The hinterlands were added to the rural zone. As the divisions in the ALP abated in the early 1970s, tensions in the conservative coalition grew, the conservative government, now led by Joh Bjelke-Petersen, modified the zoning system to add a fourth zone—a remote zone, comprising seats with fewer electors, thus the conservative government was able to isolate Labor support in provincial cities and maximise its own rural power base. On average, the Country Party needed only 7,000 votes to win a seat, compared with 12,800 for a typical Labor seat; the entrenchment of a Coalition government was caused by socio-economic and demographic changes associated with mechanisation of farms and urbanisation which led to a drift of working class population from rural and remote electorates to the cities. By the late 1980s the decline in the political fortunes of the National Party, together with rapid growth in south east Queensland meant that the zonal system was no longer able to guarantee a conservative victory.
In addition, in 1988 the Federal Labor Government held four constitutional referendums—one of, for the adoption of fair electoral systems around
The Beattie Ministry was a Ministry of the Government of Queensland, led by Labor Premier Peter Beattie. It commenced on 26 June 1998, thirteen days after the Borbidge Ministry, led by Premier Rob Borbidge of the National Party, was defeated at the 1998 election, it was followed by the Bligh Ministry upon Beattie's retirement as Premier on 13 September 2007. The election produced an unusual result—Labor did not gain any net seats in the Legislative Assembly of Queensland, maintaining 44 of 89, or one short of a governing majority, but the National-Liberal coalition which had governed with the support of Independent Liz Cunningham was reduced from 44 to 32 due to the rise of Pauline Hanson's One Nation Party in their rural heartland. After negotiations between the Labor Party, Cunningham and a new independent, Peter Wellington, the latter announced on 25 June 1998 that he would support a minority Labor government on votes of confidence in return for specific commitments on accountability; the following day, Labor leader Peter Beattie and his deputy, Jim Elder, were sworn in by the Governor of Queensland as a two-man cabinet.
Three days on 29 June 1998, they resigned so that a full ministry chosen by Caucus could be sworn in. On 29 June 1998, a full ministry of 18 cabinet ministers and 4 parliamentary secretaries was sworn in, it served until the reconstitution of the Ministry on 22 February 2001 following the 2001 election. The list below is ordered by decreasing seniority within the Cabinet, as indicated by the Government Gazette and the Hansard index. Notes: 1 On 1 August 1999, David Hamill was required to stand aside as Treasurer while investigations by the Auditor-General and the Criminal Justice Commission into the awarding of an Internet gaming licence was in process. Premier Peter Beattie brought down a budget on 14 September. On 30 September, both inquiries cleared Hamill of he was reinstated. 2 On 14 December 1999, Bob Gibbs resigned from Parliament to accept a role as trade commissioner to Los Angeles. Terry Mackenroth assumed his Sport portfolio, with Tourism and Racing going to junior minister Merri Rose.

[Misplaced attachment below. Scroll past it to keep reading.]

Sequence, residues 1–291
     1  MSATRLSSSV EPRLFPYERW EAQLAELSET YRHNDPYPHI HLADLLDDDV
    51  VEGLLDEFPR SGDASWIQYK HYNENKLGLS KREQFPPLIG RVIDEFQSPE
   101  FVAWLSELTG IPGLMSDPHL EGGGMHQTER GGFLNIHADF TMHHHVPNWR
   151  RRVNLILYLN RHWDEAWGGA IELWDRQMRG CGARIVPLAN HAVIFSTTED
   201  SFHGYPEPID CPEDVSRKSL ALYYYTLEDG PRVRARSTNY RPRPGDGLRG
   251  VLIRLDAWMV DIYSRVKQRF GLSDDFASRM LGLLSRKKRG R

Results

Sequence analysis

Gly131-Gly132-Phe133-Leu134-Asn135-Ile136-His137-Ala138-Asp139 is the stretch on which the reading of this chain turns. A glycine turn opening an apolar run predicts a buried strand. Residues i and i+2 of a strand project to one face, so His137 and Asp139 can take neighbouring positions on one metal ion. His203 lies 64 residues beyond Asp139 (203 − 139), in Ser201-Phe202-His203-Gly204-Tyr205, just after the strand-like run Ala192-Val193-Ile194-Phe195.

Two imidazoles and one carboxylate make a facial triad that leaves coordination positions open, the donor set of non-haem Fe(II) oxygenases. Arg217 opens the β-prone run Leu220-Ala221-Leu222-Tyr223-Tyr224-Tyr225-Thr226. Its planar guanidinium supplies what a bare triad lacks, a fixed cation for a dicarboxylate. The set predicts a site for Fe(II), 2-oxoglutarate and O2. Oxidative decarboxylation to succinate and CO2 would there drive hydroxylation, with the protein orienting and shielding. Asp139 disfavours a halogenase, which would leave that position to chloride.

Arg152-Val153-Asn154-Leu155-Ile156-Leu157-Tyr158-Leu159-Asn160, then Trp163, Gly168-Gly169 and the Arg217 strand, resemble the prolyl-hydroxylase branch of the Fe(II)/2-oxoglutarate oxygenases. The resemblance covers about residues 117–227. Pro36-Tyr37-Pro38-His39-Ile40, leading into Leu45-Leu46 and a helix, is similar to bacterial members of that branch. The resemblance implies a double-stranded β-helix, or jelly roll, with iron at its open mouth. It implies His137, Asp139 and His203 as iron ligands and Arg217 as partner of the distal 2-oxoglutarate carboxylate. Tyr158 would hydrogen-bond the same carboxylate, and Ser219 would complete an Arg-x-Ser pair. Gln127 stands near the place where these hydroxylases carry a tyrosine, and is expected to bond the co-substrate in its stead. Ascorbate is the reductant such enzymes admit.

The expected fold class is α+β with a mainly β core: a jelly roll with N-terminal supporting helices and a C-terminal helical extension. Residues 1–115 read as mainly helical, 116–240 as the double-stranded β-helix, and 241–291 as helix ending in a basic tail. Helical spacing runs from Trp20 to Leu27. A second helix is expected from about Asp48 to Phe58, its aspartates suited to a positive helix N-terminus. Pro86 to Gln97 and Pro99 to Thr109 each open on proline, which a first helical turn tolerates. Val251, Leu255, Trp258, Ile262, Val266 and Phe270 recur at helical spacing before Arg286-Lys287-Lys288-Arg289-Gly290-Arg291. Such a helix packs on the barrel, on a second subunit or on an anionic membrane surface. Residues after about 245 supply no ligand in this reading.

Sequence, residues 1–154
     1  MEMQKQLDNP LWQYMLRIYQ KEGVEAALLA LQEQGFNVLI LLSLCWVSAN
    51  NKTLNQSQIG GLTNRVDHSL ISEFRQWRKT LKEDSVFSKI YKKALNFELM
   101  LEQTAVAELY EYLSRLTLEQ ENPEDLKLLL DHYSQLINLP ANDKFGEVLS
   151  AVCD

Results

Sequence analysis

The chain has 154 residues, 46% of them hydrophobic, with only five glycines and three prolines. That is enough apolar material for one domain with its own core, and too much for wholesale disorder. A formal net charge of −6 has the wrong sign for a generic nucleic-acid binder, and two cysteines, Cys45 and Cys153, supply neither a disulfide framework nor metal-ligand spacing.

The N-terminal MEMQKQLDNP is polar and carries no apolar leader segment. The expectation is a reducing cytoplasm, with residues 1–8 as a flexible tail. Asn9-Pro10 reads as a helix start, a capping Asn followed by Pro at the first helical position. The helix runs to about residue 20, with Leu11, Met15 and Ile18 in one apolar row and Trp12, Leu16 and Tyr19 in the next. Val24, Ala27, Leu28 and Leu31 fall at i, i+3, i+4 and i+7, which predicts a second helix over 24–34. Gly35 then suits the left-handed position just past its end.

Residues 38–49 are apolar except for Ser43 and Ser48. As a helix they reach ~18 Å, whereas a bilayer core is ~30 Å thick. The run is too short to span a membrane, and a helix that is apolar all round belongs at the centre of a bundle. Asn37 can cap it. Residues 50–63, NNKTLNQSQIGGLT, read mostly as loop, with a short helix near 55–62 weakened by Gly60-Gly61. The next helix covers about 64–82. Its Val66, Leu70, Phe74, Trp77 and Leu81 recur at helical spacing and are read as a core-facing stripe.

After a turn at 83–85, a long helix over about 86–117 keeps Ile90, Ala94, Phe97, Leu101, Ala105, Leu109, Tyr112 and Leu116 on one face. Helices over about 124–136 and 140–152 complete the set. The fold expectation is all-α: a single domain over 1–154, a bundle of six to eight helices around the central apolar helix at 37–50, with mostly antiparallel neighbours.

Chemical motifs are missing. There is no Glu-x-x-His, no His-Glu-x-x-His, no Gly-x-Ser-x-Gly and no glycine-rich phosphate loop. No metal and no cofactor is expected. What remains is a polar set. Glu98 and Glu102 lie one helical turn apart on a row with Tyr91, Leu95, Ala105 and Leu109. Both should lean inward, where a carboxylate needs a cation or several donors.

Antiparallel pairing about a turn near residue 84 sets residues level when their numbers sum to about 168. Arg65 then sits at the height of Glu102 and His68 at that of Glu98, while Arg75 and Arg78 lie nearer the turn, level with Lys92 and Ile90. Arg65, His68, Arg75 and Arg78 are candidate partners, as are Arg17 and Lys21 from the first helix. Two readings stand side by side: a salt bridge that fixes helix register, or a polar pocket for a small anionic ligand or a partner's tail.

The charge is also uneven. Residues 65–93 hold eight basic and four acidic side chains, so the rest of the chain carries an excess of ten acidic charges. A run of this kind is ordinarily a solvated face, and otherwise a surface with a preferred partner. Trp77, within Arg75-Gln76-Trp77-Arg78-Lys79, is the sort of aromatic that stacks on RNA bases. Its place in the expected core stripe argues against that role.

Parliamentary secretary to the Deputy Premier, Stephen Robertson, was appointed as a minister and took on Rose's former role of Emergency Services. 3 On 22 November 1999, Deputy Premier Jim Elder, Acting Premier at the time due to the Premier being overseas, resigned following allegations that he was under suspicion for having illegally signed electoral forms for family members in his own seat. His portfolios were assumed for four days by Paul Braddy for another four by Premier Peter Beattie, before a minor reshuffle on 30 November 2000 which saw, among other things, Terry Mackenroth's promotion to Deputy Premier and Nita Cunningham's appointment to the Ministry. On 22 February 2001, following the 2001 election, a ministry of 19 cabinet ministers and 5 parliamentary secretaries was sworn in, it served until the reconstitution of the Ministry on 12 February 2004 following the 2004 election. On 12 February 2004, following the 2004 election, a ministry of 19 cabinet ministers and 6 parliamentary secretaries was sworn in.
It served until the reconstitution of the Ministry on 28 July 2005 following the resignation of Deputy Premier Terry Mackenroth. On 3 March 2005, Liddy Clark resigned after an investigation to the Crime and Misconduct Commission into airfares given to Aboriginal activists to Palm Island following a riot there, her position in the ministry was not filled, with her portfolio going to John Mickel. On 28 July 2005, following the resignation of Deputy Premier Terry Mackenroth from the ministry and from Parliament, a ministry of 19 cabinet ministers and 6 parliamentary secretaries was sworn in, it served until the reconstitution of the Ministry on 23 September 2006 following the 2006 election. Following a Crime and Misconduct Commission report on 7 December 2005, Gordon Nuttall resigned as a minister. Tim Mulherin was appointed in his place on 12 December. On 13 September 2006, following the 2006 election, a ministry of 19 cabinet ministers and 11 parliamentary secretaries was sworn in, it served until the end of the Ministry on 13 September 2007 following Anna Bligh's ascension to the post of Premier, was followed by the Bligh Ministry.
Linda Lavarch, the Attorney-General, resigned from the Ministry on 18 October 2006 citing depression. Kerry Shine and Margaret Keech assumed her portfolios on 1 November 2006. Craig Wallace was appointed to the available place within the Ministry. All information about ministries was sourced from Ministries from December 1989, extracted from the Queensland Parliamentary Handbook. All information about events was sourced from the "Australian Political Chronicle" in various instalments of the Australian Journal of Politics and History